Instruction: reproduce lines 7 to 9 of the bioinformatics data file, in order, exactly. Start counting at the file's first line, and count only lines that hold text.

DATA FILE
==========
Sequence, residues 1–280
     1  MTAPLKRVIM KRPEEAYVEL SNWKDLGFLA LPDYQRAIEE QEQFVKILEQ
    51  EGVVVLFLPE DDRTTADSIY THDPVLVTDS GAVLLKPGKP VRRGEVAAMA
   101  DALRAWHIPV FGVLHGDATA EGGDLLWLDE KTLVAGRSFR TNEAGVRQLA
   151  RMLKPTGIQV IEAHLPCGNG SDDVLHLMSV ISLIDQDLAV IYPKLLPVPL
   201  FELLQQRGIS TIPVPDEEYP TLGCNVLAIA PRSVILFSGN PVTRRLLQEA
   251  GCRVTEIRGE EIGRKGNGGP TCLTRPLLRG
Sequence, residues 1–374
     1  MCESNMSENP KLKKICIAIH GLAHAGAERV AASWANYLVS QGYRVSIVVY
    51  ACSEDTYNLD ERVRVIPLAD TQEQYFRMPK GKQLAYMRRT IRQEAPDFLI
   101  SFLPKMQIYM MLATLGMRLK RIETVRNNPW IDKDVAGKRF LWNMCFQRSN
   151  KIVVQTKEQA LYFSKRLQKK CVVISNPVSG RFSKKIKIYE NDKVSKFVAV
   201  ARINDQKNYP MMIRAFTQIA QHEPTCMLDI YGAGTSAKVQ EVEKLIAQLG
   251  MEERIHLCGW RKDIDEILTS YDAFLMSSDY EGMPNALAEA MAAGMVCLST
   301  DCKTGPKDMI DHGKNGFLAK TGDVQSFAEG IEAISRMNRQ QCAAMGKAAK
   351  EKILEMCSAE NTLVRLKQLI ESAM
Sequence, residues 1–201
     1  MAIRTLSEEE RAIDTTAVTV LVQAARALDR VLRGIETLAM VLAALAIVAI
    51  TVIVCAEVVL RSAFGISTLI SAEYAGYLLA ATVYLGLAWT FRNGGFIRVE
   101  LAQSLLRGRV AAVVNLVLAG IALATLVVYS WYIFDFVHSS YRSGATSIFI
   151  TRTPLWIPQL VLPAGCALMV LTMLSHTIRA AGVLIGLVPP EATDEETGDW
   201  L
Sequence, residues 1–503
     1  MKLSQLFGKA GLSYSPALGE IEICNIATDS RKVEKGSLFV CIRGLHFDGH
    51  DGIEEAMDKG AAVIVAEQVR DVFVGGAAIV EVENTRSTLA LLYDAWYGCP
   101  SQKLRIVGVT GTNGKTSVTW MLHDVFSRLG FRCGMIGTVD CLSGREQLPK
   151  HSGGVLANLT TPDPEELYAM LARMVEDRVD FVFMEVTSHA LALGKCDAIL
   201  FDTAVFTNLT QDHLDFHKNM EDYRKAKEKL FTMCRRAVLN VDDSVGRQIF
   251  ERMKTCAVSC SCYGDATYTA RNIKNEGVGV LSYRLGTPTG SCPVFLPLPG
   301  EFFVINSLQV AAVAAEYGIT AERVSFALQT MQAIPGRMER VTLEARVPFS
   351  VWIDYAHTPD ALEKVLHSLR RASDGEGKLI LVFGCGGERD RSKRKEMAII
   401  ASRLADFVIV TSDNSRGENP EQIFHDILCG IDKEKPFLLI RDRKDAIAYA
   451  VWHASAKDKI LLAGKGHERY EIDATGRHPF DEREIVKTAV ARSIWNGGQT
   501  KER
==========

   251  GCRVTEIRGE EIGRKGNGGP TCLTRPLLRG
Sequence, residues 1–374
     1  MCESNMSENP KLKKICIAIH GLAHAGAERV AASWANYLVS QGYRVSIVVY